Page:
The sweeping digital transformation of the Media, Arts, and Entertainment sector, a trend supercharged by the COVID-19 pandemic, is creating a novel set of labour challenges and opportunities, according to a new study commissioned by UNI Global Union Media and Entertainment The FIM, FIA, and EFJ.
The 18-month research, executed by Belgian consultancies Twee-eiige Drieling (TWIIID) and Doenker, focuses on the increasingly digital nature of work in the creative sector. The study highlights rising difficulties in safeguarding the rights and working conditions of non-traditional workers.
Through a series of roundtable discussions, interviews, and a one-day event titled “Digital Models and Decent Work for Creators” held during the VR-days Immersive Tech WEEK in Rotterdam on December 2, 2022, the study aims to delineate emerging challenges and best practices. It seeks to provide trade unions with strategies to advocate effectively for a workforce that is becoming increasingly digital and economically dependent.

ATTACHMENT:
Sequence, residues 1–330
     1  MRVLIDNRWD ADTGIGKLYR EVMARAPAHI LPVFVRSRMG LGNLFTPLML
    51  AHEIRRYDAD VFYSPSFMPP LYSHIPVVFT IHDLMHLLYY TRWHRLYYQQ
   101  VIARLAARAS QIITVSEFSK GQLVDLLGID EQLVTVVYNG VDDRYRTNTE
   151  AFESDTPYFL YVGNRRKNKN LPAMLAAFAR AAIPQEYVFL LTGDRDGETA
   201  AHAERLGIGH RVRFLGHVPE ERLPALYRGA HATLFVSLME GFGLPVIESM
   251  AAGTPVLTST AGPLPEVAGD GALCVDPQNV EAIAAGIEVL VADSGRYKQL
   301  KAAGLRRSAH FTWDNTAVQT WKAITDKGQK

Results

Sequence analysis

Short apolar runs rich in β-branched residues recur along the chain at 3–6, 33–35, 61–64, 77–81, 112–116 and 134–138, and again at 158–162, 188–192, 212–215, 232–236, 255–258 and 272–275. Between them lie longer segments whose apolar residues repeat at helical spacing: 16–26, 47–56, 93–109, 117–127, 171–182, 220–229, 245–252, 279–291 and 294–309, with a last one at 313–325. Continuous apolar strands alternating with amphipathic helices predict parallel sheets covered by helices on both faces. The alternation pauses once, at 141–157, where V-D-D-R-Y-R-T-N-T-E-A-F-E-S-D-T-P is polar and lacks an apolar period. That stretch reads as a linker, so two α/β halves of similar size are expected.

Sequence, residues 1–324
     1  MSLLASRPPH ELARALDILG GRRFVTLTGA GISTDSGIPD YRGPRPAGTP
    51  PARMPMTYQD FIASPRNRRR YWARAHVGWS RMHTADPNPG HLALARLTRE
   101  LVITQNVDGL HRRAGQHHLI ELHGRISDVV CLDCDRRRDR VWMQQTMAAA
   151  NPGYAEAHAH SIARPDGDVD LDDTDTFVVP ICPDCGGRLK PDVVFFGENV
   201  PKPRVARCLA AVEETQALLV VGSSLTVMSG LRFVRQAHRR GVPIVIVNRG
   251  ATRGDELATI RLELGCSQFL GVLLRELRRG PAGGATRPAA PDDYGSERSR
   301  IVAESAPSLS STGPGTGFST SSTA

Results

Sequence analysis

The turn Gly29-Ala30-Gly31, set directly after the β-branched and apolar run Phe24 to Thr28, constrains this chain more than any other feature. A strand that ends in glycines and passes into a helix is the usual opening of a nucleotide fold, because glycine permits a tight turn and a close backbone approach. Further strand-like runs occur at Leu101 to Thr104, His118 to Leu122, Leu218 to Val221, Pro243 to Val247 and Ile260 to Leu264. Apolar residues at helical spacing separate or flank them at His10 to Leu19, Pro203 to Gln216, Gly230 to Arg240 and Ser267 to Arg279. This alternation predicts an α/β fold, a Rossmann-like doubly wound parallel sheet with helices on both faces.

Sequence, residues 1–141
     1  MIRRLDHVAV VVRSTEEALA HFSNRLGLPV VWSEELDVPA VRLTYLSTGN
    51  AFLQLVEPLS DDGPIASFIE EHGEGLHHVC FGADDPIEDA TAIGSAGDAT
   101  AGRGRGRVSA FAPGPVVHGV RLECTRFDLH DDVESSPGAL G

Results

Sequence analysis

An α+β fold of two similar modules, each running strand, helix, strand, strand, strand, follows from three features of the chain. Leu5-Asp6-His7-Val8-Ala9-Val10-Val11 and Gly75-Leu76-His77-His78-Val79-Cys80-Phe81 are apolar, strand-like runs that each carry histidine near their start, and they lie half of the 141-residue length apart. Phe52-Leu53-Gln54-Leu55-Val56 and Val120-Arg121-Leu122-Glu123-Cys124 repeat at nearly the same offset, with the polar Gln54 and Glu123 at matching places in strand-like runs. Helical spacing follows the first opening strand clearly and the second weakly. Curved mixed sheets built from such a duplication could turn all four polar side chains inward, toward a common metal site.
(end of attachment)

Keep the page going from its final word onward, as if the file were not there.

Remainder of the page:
The findings underscore the need for labour unions to adapt and develop new tools, especially for issues related to streaming and live-streaming, which have gained prominence during the pandemic. The study is intended to serve as a comprehensive overview of the shifting landscape, with the goal of formulating approaches to address the complex labour issues in the rapidly evolving arts, media, and entertainment sector.